These days, with classic game reviews and other resources readily available, whenever I get the itch for a new but obscure system, it's pretty easy to get over it by looking at how few games on the platform appeal to me, etc.

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Why not pick something in between, like the INTV or CV? Easier to collect in some respects as the library is not as large in either case, yet both have very active home brew communities that'll keep you busy as well.

 

That's actually a really good suggestion. I've owned both in the past and have sold them off. I really enjoyed the CV - fun ports of arcade games and nice-looking original titles like Smurfs. The homebrews do look awesome as well as does the expansion module. Perhaps I should pick one up again. The Intv, I've owned twice and I've never been able to get into it, too bad though as I think it's a very interesting system. The homebrews for it look great, I remember wanting the Donkey Kong homebrew. Also the Intv is generally cheaper than the CV right?

 

I was also thinking a 5200 but the hassle of the controllers makes it more expensive.

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I used to collect obscure systems just because I was curious about them. But they'd end up on the shelf pretty quickly, then eventually they'd be sold off.

 

These days, with classic game reviews and other resources readily available, whenever I get the itch for a new but obscure system, it's pretty easy to get over it by looking at how few games on the platform appeal to me, etc.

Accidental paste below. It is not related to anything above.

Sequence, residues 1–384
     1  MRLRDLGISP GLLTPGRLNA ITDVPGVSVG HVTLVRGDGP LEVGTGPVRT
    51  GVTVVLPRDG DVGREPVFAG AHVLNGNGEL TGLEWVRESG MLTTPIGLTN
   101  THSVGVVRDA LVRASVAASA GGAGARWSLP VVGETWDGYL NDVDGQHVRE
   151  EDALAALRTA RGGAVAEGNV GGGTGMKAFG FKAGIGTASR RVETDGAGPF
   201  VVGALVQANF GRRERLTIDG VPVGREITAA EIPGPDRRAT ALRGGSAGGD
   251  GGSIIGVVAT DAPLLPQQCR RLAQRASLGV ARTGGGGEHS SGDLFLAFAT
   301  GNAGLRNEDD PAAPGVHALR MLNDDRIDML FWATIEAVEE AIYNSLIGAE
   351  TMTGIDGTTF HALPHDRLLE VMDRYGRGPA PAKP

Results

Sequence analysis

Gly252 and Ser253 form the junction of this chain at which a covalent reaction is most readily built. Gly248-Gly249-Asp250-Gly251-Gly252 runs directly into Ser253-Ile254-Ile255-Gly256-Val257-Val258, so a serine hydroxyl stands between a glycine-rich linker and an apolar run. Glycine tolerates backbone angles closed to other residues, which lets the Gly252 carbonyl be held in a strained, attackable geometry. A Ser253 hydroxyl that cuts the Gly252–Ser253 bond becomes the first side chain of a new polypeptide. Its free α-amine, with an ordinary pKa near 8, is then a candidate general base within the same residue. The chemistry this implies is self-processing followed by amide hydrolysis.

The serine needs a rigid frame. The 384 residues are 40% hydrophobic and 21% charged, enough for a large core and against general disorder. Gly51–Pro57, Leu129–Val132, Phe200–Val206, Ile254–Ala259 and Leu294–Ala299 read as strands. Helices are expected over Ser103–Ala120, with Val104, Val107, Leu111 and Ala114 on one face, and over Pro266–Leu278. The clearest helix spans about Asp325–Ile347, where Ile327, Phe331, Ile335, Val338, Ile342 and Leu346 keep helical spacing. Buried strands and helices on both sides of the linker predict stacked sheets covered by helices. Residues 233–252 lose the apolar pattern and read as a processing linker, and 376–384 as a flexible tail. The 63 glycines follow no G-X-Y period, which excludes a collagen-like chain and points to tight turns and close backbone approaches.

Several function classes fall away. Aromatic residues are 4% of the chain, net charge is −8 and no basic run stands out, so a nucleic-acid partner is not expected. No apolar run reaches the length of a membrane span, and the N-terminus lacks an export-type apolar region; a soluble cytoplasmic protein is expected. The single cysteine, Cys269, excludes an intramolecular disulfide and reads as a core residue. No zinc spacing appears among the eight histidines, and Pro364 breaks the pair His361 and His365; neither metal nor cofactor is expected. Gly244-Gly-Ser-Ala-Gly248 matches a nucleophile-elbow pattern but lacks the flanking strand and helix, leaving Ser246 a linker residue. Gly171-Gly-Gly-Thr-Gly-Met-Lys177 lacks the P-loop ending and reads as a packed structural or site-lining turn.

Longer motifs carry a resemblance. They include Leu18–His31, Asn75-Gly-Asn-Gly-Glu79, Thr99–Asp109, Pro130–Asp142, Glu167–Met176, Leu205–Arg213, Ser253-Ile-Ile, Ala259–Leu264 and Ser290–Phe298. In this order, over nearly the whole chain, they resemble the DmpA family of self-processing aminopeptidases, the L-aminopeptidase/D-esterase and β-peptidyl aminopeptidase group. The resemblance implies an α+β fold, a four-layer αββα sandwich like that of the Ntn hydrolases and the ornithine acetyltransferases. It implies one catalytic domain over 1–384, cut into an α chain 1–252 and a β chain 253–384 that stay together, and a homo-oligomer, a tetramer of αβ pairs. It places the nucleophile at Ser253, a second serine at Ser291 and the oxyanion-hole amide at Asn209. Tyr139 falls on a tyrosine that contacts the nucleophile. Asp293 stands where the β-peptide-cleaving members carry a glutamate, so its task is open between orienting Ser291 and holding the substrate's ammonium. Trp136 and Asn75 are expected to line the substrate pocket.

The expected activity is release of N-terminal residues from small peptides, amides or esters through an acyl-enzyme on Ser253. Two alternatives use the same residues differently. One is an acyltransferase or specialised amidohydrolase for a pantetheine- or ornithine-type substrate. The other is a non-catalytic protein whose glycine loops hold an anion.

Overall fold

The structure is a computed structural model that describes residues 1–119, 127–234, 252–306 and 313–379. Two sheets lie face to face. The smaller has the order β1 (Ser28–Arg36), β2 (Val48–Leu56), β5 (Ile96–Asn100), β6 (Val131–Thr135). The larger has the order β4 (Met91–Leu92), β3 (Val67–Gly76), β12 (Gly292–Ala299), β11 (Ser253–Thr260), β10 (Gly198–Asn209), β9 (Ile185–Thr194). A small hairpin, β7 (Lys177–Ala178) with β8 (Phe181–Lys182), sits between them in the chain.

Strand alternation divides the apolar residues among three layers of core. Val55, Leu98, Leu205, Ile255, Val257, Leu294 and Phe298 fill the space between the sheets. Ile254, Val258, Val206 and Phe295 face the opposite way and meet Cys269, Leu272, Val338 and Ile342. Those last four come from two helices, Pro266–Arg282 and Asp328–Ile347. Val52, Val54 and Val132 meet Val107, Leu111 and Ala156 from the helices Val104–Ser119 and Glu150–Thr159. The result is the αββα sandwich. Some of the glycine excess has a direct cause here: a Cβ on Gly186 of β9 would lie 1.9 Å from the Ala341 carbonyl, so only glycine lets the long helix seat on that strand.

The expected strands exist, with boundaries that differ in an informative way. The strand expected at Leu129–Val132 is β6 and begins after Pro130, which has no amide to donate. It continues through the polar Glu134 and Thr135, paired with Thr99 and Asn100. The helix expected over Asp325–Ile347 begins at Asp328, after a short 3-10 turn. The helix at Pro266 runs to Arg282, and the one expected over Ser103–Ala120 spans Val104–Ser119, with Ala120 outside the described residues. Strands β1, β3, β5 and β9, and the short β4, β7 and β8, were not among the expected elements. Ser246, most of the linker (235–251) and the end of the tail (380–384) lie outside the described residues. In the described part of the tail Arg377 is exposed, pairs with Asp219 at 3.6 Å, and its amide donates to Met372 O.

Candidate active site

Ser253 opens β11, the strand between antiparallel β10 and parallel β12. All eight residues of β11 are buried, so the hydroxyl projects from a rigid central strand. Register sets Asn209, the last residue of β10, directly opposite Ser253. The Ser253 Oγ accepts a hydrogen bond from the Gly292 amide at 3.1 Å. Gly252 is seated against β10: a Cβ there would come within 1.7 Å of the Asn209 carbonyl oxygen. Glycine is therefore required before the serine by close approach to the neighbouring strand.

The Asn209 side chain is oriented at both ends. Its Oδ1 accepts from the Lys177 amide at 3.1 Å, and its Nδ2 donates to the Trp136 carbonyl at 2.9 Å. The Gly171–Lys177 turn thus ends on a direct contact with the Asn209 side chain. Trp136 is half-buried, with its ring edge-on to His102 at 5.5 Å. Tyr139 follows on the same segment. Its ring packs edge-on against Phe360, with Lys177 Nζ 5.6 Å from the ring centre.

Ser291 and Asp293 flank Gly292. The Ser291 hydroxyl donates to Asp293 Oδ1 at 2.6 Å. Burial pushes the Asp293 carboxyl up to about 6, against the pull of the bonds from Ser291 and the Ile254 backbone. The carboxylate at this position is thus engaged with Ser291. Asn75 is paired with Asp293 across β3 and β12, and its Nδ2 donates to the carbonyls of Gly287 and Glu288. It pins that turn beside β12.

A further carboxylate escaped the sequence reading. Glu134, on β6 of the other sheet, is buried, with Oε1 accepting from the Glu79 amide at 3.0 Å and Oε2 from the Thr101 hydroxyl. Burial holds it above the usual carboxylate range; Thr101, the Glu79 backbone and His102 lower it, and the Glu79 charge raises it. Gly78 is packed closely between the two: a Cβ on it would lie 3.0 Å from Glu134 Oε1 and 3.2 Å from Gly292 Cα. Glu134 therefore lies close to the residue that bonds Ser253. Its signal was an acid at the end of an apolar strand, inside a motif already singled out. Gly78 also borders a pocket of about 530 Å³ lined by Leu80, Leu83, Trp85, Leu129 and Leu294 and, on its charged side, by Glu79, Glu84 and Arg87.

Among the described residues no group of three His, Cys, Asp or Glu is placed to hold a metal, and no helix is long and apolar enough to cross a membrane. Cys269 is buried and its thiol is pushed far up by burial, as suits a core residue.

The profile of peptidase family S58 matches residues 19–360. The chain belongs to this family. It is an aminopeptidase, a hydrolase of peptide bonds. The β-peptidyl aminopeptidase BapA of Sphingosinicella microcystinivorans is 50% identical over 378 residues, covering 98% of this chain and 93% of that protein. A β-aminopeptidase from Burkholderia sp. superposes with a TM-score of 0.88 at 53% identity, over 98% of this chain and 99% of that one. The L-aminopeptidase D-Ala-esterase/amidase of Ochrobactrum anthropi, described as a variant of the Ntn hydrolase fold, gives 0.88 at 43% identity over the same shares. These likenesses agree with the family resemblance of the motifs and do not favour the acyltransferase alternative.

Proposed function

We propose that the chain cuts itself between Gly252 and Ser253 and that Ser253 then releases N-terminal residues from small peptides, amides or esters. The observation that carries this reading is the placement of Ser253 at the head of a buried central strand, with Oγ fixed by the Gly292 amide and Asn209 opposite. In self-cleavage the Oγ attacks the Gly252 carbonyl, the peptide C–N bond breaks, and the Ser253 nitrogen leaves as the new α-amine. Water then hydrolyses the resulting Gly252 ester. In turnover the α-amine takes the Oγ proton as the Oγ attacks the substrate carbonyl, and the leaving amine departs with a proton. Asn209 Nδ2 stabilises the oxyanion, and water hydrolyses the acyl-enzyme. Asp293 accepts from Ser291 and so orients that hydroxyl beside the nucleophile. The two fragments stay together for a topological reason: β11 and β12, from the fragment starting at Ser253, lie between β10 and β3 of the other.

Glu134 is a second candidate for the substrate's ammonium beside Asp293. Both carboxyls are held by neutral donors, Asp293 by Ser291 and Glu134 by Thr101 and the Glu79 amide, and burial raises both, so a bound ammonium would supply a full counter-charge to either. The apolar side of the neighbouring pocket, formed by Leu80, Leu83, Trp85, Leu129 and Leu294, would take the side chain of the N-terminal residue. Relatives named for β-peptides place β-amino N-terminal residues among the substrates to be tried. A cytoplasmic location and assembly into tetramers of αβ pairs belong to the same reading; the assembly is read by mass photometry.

That is a good idea. I find with watching videos and also being able to play on an emulator, it calms down that urge. I do get intrigued by what may come like there's talk of a possible RCA Studio II multicart, but again it probably wouldn't be worth it for me anyway to get that and a console, probably better left to the really hardcore.

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I look at each system based on what I perceive to be its own merits and shortcomings.

 

I began with systems from the "big 5" (Nintendo, Atari, SEGA, Sony, Microsoft) and when I had explored all their machines I started to get into SNK, then NEC/Hudson systems, then stuff like 3DO, Colecovision, Intellivision, Odyssey, CD-i, N-Gage, Vectrex, Wonderswan, etc.